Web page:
here you will do well to linger; here our highest good is pleasure”

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September 3, 2020

Depending on your intentions the hydrangea is a rather risky flower to give to someone; and not only because of this plant’s inherent levels of cyanide.

Its plentiful blooms have had some totally contradictory meanings over the years and their symbolism varies wildly depending the their colour and when in history you are residing.
IMG_9142_20-09-02_Broken_Clock_Lingering_Vodka_Hydrengea.jpg The hydrangea originates from the Far East and an ancient Japanese legend says that they symbolise heartfelt apology and regret, after an Emperor gave the flowers to the family of a girl whom he loved but had failed to give enough attention to.

They were first introduced to the British Isles when botanist Joseph Banks gifted a hydrangea to Kew Gardens in 1788 but despite their beauty they were soon considered by some in a less than favourable light.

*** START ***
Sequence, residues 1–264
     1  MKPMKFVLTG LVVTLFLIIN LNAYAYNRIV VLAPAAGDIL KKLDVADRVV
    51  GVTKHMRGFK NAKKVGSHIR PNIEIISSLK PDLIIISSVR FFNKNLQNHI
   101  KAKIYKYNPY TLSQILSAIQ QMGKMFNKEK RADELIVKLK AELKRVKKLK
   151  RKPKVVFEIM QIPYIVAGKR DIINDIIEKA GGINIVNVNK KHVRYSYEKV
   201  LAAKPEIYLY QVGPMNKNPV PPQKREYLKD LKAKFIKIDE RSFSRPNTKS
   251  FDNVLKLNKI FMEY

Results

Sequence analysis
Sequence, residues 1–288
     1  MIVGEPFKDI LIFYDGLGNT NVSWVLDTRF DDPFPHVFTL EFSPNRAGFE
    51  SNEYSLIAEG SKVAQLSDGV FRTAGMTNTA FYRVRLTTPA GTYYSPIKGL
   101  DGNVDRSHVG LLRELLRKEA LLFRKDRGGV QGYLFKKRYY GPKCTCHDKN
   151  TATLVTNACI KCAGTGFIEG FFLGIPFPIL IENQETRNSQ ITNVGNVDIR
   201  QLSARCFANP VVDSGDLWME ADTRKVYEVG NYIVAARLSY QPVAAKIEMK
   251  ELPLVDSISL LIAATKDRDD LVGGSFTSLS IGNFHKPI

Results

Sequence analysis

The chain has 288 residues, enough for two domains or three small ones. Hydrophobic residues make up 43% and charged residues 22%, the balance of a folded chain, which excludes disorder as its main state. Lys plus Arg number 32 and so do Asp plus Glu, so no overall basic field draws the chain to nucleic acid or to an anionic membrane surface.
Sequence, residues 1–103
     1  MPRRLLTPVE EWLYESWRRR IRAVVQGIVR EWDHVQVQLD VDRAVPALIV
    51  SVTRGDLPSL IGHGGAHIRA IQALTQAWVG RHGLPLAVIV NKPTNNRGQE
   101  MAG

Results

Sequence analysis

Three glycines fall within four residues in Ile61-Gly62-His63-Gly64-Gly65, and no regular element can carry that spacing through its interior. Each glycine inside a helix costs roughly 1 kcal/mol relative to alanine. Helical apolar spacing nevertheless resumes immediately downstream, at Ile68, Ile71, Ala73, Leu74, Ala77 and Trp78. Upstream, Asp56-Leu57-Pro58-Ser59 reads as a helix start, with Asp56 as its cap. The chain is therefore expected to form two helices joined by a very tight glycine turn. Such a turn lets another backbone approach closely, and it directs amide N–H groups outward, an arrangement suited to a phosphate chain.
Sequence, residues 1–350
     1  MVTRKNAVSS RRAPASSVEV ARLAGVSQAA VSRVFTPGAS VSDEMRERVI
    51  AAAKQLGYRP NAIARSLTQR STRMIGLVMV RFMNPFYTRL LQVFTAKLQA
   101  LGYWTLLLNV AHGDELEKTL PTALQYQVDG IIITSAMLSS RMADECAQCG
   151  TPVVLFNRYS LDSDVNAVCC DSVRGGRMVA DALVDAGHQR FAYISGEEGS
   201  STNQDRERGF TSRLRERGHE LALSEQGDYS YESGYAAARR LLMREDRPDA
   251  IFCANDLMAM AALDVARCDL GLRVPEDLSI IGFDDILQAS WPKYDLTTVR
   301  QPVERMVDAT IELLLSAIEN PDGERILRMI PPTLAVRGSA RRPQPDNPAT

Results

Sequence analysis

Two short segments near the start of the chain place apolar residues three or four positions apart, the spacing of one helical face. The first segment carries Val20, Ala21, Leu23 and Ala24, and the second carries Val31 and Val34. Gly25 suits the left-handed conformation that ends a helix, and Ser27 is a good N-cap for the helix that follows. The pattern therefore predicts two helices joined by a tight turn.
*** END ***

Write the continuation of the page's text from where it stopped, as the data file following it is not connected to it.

IMG_9287_20-09-02_Broken_Clock_Lingering_Vodka_Hydrengea.jpg During the 1800s white flowered hydrangeas were symbolic of bragging and boastfulness, possibly due to the plant having bountiful blooms but producing only a tiny number of seeds.

Meanwhile blue hydrangeas were considered a sign of frigidity with some rather unsporting gentlemen gifting the flowers to ladies who had turned down their affectionate advances.

Today by contrast hydrangeas have come to signify more optimistic emotions with pink flowers gesturing romance and marriage and purple hue symbolising wealth and prosperity.

Far from being boastful, white flowers now exemplify mindfulness and purity and so it seems appropriate that we encountered this hydrangea while sipping on some Broken Clock in a shaded corner of a country garden.

After all, we created our vodka to be enjoyed neat – in its purest form – and in just such an idyllic location, where slow pleasures abound and time itself seems to stand still.